A plaque remaining from the Big Apple Night Club at West 135th Street and Seventh Avenue in Harlem.

Above, a 1934 plaque from the Big Apple Night Club at West 135th Street and Seventh Avenue in Harlem. Discarded as trash in 2006.

Recent entries:
Entry forthcoming—B.P. (11/16)
“How did the math teacher kill himself?"/"He used a hypotenuse.” (11/16)
“I live in a two-story house” (marriage/divorce joke) (11/16)
Entry forthcoming—B.P. (11/16)
“Eating breakfast in front of the TV at the same time every day turns the meal into a serial” (11/16)
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Entry from May 31, 2005
Doctors’ Row (or, Irish Fifth Avenue)
There are two "Doctors' Rows." One is at 122nd Street in Harlem, and the other is at Alexander Avenue in the Bronx. Both names are historical and are not used today.

1 February 1969, New York Times, pg. 31:
The days are long past since Alexander Avenue, which runs east of Third Avenue, from the New Haven Railroad yards at 132d Street to 143d Street, was called "Doctors' Row" and "the Irish Fifth Avenue."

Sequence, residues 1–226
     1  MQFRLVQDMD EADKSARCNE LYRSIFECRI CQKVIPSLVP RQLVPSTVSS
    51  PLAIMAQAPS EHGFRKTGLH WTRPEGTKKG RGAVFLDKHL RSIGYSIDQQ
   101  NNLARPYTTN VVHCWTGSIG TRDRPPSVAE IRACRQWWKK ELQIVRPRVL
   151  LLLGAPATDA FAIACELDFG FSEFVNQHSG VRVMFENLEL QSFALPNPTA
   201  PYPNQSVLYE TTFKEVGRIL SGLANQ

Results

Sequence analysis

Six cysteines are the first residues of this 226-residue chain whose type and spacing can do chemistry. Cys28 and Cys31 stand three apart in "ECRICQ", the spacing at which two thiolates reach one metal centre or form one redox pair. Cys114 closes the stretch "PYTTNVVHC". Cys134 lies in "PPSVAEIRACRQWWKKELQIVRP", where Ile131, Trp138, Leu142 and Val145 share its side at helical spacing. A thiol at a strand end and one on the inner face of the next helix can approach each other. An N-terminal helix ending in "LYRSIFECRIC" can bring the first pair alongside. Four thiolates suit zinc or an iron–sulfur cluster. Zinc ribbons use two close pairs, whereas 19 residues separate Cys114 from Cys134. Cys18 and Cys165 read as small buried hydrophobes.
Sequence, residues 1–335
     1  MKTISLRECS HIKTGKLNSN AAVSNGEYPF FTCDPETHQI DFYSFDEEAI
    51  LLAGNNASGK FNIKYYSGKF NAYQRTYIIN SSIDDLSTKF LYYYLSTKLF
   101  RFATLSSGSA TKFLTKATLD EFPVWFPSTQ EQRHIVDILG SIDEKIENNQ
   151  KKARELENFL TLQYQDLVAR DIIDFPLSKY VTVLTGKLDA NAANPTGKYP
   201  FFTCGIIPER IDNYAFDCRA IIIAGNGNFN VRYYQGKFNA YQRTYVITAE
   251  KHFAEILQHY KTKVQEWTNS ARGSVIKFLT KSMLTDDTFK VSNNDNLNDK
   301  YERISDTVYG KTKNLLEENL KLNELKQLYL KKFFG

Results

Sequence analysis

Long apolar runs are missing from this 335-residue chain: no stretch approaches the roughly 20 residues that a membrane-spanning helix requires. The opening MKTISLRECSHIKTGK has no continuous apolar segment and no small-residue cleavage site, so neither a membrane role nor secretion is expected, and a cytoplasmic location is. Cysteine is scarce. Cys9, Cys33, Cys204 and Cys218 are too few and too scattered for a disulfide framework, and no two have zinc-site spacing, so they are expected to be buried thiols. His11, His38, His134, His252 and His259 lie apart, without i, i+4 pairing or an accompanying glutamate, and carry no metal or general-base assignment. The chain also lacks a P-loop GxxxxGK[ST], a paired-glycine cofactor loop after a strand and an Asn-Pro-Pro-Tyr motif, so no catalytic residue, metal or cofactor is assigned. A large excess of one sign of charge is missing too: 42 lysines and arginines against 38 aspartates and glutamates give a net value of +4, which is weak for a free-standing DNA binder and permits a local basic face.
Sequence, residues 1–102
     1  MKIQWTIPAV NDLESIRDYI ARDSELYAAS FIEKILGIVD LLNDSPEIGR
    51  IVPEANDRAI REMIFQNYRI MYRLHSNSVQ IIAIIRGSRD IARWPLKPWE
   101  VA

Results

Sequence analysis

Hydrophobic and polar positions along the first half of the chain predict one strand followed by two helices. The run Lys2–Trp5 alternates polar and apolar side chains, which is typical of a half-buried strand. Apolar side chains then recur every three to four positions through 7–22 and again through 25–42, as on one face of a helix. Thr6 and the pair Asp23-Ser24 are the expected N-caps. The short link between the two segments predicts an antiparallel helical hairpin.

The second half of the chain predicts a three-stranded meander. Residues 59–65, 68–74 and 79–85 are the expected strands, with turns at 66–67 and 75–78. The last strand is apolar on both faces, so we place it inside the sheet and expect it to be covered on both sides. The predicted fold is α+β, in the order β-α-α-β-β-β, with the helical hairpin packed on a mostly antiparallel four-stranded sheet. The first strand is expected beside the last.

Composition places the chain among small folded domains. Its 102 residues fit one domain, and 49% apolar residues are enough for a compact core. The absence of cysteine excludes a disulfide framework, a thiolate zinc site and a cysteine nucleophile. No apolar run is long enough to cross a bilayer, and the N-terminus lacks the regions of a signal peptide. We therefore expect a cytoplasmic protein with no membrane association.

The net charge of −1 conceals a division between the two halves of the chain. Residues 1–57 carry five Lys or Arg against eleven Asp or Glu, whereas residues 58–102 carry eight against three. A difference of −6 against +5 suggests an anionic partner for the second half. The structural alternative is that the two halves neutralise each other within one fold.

1 July 1978, New York Times, pg. 42:
A group of 100-year-old houses along Alexander Avenue in the South Bronx, once known as "Doctors Row" and "Irish Fifth Avenue" in keeping with the well-to-do people who once lived there, is undergoing a real-estate boom as young professional couples are purchasing and renovating dilapidated houses in what has been designated as the Mott Haven Historic District.

7 February 1999, New York Times, pg. CY1:
IN 1976, Josephine E. Jones set eyes on stained-glass windows, carved cherry banisters and Minton tiles in a Queen Anne-style row house at 137 West 122d Street in Harlem, and she knew it was the home she had dreamed of owning. The detailing was a signature of Francis H. Kimball, one of New York's leading turn-of-the-century architects, and the street was once known locally as Doctors' Row.
Posted by Barry Popik
Streets • (0) Comments • Tuesday, May 31, 2005 • Permalink